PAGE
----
• 1 tonne – is this really necessary? If there is no way to avoid it, offset the impact.
  • More than 3 tonnes – this should only be things which you cannot live without.
  • More than 100 tonnes – Is there anything you can do about this, even something small? Then you probably should!

The impact of 1 tonne of CO2 released into the atmosphere is terrifyingly easy to measure – it melts 3 square meters of arctic ice. So the impact of an average swede’s lifestyle is causing the disappearance of 30 m2 of arctic sea ice every year – that’s the size of 2,5 parking lots. Now let’s do something about that!

Uberlândia landfills I and II Energy Project

We have now offset another 25,000 ton CO2eq in a Gold Standard certified project! Thank you for taking part in this!

For the first time, we are investing in a project located in Brazil. Parabéns to us! The project is a Landfill to Gas Energy Project located in Uberlândia, in the state of Minas Gerais. Here, greenhouse gas emissions from two adjacent landfills are collected and converted into energy.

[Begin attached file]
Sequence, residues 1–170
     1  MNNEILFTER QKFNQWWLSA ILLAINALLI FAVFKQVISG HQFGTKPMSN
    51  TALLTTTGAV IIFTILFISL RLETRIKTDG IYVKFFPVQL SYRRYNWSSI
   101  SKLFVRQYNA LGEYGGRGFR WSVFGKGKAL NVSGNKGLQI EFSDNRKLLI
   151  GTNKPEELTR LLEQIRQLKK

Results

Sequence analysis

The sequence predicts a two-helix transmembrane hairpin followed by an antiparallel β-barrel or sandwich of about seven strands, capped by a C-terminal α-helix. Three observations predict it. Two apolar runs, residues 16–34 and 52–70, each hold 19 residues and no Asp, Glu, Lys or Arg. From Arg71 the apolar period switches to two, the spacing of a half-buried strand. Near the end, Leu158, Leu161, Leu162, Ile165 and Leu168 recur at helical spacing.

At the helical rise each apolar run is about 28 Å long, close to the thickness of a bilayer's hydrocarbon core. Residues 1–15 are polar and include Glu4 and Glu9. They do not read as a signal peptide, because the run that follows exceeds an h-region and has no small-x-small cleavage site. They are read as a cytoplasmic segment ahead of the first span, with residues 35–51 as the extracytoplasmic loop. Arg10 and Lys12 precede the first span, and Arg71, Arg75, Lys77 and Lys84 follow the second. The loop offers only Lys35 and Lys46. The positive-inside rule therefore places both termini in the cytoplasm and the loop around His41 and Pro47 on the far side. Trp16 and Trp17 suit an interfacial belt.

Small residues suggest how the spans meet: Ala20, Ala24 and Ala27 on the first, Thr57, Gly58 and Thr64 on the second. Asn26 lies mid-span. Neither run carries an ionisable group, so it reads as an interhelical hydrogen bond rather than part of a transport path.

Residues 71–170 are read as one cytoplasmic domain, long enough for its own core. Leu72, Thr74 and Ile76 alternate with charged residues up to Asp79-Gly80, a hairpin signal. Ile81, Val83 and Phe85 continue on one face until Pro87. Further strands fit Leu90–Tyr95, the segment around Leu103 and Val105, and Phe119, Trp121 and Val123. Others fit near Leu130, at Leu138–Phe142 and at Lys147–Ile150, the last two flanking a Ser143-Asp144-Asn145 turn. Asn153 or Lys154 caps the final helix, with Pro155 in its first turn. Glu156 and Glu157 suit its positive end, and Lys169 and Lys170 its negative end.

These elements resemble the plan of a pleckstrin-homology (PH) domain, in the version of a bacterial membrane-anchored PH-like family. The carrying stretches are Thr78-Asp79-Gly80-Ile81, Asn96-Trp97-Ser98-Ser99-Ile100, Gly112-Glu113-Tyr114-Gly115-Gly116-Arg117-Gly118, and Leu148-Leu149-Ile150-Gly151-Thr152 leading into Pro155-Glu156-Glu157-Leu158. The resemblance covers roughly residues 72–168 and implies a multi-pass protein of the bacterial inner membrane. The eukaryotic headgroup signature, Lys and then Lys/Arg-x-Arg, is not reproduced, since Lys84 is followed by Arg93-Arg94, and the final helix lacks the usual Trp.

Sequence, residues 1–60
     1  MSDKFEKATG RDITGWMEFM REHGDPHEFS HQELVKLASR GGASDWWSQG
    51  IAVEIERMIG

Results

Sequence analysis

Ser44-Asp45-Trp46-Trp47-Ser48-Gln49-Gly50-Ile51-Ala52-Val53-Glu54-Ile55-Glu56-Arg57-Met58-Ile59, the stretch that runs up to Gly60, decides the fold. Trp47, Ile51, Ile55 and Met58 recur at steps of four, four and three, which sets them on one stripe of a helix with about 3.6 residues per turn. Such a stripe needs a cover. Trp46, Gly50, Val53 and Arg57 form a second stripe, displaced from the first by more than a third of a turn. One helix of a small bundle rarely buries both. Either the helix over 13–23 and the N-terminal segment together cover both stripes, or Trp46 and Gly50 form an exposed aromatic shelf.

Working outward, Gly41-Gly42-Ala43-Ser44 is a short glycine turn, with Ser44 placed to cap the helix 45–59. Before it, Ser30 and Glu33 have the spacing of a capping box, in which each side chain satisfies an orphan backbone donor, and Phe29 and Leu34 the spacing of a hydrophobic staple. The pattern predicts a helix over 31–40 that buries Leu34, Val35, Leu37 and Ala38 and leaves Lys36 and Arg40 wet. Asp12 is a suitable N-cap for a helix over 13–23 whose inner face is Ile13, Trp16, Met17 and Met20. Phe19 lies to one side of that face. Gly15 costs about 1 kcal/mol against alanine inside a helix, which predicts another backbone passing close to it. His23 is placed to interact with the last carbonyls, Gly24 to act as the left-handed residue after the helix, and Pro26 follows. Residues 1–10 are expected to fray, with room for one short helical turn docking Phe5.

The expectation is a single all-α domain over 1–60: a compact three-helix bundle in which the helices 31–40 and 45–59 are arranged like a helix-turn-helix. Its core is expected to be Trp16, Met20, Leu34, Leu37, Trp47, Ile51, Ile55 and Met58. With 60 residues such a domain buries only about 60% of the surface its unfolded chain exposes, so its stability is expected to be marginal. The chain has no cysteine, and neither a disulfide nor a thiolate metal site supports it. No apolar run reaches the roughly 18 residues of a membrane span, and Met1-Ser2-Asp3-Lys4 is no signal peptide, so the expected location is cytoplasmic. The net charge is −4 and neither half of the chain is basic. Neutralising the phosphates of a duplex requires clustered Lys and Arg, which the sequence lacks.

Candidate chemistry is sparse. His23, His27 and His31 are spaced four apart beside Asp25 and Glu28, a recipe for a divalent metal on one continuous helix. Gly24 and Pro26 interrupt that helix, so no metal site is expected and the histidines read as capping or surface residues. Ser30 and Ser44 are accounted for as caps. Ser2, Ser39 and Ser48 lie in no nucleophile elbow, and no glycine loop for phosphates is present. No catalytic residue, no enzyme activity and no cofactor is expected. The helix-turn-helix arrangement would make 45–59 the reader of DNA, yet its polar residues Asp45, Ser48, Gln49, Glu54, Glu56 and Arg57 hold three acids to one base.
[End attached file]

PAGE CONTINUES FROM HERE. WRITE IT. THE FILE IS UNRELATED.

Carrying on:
Collecting GHG from the landfill to convert it to energy

How does this work? As in most places in the world, the garbage that is generated by the local population is collected by garbage collectors and taken to a solid waste deposal site, also known as a landfill. In this case, this is done by a local company called Limpebrás Resíduos Ltda. The first of the Uberlândia landfills received waste from 1995 to 2010, and the second one started in 2010 with an expected 18 years of lifetime. Uberlândia I has during its operation received approximately 2,100,000 tonnes of domestic waste! This is being treated with significant care for the environment to prevent environmental damage, especially to avoid leachate into the ground.